Pectin commonly is found as a coarse, odorless white or yellow powder with gelatin-like properties. Apple and grapefruit pectin capsules are made from what's usually considered the "waste" peels of fruits.
Before buying or taking a pectin supplement, consult your doctor first, since pectin is linked to different side effects (see below). There is no specific dosage of pectin that's been concluded, so you may want to check how much pectin you must be taking based on your condition. Furthermore, the U.S. Food and Drug Administration (FDA) doesn’t regulate supplements like pectin.18
When taking pectin supplements, always follow the package instructions. Drink enough water too. Hydration is crucial if you’re taking pectin or other fiber supplements, because both soluble and insoluble fibers need water to pass through the digestive system effectively.19
Side Effects of Pectin to Know About
Take note of the following side effects that have been linked to pectin:20
• Bloating and gas in the intestinal tract: Pectin is known to cause these complications, which may lead to discomfort and abdominal pain. Fiber in pectin can’t be digested and absorbed easily due to the natural absence of the necessary enzymes that break down fiber in the small intestine. Fiber buildup in the small and large intestines can lead to the formation of hydrogen and carbon dioxide gases, and cause bloating and abdominal pain that you may feel when you need to pass gas.
• Reduced appetite and even unintended weight loss: The fiber found in pectin can be dense and may expand inside the stomach. When it does, it places light pressure on the stomach’s walls and triggers receptors along the digestive tract to signal the brain that you are full.
• Diarrhea: Since it’s a fiber supplement, pectin may have some sort of “cleaner effect” for the intestinal tract. This can lead to diarrhea, especially if pectin intake is high. Plus, large amounts of fiber in the diet can block the absorption of some nutrients in the intestinal tract. Diarrhea can also occur because of malabsorption of nutrients in the intestines.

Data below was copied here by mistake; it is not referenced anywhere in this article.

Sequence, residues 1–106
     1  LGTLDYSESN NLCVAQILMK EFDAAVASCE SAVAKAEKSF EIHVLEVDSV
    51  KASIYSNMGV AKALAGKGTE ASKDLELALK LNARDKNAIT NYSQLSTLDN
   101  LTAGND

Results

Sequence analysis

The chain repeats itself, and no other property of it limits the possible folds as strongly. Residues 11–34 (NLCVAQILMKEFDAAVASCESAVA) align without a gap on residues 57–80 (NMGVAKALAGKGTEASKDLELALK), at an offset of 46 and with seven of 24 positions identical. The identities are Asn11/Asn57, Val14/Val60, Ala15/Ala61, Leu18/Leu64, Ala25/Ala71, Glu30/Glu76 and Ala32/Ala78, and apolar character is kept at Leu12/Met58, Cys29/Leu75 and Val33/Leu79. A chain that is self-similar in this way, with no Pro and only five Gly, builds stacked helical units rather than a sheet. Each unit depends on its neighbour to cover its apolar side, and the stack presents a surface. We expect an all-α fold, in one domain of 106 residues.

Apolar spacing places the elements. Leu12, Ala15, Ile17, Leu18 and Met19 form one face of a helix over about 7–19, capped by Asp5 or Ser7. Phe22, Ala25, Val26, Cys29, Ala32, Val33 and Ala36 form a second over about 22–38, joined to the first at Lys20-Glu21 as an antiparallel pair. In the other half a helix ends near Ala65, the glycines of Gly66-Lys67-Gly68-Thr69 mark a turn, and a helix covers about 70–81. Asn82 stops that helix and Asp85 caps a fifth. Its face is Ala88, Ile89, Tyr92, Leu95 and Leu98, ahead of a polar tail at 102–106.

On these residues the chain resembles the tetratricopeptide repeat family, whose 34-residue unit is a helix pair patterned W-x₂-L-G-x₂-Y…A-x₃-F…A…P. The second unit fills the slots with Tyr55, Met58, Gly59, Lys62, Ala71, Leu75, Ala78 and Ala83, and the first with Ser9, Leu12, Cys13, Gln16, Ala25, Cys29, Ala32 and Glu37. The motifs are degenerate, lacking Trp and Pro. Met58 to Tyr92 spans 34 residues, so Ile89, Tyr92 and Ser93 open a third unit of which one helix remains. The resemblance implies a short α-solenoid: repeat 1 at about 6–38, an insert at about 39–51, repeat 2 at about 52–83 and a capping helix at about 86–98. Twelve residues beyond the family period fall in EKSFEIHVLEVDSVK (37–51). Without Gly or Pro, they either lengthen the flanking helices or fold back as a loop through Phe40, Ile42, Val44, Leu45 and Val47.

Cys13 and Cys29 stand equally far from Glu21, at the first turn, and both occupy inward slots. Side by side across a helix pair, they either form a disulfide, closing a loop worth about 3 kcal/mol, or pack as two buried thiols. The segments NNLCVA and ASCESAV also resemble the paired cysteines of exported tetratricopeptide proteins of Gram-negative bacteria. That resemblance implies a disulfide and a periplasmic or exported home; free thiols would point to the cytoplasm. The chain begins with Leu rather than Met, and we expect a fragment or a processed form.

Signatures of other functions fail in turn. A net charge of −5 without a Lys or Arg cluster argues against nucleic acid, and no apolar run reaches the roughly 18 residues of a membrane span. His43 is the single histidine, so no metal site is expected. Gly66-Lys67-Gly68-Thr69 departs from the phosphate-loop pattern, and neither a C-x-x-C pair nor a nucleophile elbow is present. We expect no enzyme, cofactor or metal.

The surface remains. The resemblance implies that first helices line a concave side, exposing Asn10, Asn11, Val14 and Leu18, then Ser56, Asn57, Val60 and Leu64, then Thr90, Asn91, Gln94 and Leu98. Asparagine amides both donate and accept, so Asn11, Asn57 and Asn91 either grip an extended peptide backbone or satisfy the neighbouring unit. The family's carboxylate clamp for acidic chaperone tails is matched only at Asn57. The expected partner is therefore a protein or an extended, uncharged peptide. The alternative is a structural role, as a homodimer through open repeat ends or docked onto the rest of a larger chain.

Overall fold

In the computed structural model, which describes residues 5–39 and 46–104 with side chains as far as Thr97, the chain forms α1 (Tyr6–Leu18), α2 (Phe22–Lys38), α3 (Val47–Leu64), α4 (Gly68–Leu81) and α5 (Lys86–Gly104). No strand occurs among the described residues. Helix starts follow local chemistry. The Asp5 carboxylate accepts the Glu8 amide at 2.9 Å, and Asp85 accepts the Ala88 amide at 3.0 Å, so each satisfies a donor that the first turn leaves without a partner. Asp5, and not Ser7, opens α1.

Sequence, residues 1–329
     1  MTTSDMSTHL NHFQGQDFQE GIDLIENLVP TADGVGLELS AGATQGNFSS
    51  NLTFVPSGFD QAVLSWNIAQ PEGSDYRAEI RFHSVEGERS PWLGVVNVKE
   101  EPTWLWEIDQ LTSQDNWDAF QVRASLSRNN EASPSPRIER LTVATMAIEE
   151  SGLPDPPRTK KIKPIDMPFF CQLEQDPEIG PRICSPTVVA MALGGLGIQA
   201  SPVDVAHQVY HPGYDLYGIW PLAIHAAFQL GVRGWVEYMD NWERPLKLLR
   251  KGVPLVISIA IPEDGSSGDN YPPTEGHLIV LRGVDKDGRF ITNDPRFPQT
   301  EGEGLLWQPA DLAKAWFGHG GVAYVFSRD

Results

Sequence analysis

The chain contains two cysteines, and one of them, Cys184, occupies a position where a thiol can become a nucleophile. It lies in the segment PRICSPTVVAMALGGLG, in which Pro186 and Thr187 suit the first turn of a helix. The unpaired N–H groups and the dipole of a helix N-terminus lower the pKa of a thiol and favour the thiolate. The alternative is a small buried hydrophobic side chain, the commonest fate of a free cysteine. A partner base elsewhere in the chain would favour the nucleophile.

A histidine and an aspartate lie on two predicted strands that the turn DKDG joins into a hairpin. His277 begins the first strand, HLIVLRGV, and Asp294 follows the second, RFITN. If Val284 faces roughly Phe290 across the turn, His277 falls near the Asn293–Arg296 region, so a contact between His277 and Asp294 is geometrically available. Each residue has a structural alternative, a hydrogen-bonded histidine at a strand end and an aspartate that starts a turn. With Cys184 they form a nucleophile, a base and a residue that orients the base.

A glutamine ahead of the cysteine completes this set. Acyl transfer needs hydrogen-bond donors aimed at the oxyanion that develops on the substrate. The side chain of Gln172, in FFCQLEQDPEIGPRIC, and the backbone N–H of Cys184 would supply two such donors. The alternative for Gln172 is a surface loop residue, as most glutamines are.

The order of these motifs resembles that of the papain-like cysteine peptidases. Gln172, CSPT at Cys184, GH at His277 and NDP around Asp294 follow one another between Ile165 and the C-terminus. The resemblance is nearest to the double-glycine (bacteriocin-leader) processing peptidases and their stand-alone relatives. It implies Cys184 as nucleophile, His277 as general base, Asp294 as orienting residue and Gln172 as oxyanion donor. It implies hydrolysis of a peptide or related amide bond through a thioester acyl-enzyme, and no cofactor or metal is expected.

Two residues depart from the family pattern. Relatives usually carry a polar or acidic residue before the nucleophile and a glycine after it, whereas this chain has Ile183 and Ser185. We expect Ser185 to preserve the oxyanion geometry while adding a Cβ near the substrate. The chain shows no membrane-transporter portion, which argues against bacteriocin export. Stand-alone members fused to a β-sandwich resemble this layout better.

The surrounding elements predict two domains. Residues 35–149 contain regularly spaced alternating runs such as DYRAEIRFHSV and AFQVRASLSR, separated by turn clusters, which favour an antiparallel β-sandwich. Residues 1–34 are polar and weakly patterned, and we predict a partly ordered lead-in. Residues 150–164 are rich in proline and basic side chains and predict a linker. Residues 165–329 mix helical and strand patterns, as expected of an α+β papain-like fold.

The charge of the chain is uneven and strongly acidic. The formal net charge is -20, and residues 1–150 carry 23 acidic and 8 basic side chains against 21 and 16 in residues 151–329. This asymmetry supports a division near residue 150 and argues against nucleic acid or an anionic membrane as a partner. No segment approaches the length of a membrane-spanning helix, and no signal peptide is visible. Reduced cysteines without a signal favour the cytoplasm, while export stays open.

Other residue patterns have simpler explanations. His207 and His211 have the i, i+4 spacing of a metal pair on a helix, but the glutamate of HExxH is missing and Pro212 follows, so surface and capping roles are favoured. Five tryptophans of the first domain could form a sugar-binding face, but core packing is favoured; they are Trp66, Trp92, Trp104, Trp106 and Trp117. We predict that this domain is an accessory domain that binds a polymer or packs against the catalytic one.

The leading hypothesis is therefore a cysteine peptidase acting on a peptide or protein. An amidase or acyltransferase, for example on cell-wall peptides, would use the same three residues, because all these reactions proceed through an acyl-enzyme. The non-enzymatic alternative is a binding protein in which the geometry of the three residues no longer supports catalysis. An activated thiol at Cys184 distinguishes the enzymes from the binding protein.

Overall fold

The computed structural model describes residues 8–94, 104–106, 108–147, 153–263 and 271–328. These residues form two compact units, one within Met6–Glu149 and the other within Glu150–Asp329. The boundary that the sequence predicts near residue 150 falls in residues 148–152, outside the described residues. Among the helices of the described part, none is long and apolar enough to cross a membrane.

• Mineral depletion: As the fiber from pectin moves through the digestive system, it can block the absorption of minerals into the bloodstream. It’s reported that calcium, magnesium, iron, zinc and beta-carotene21 uptake may be reduced because these can be trapped among the fiber particles in the intestinal tract and fail to pass through the walls of the intestine and into the blood. It’s recommended to take pectin and mineral vitamins separately to ensure mineral absorption.
Pectin supplements also may interact with the following medicines, so be cautious and inform your doctor if you are taking any of these:22
• Tetracycline antibiotics such as demeclocycline (Declomycin), minocycline (Minocin) and tetracycline (Achromycin): Pectin may reduce both the absorption and effectiveness of these drugs.
• Digoxin (Lanoxin): Because pectin is rich in fiber, it may also reduce the absorption and effectiveness of this medicine, which is often used to treat heart failure.23
• Lovastatin (Mevacor): Pectin may decrease the amount of lovastatin that the body absorbs.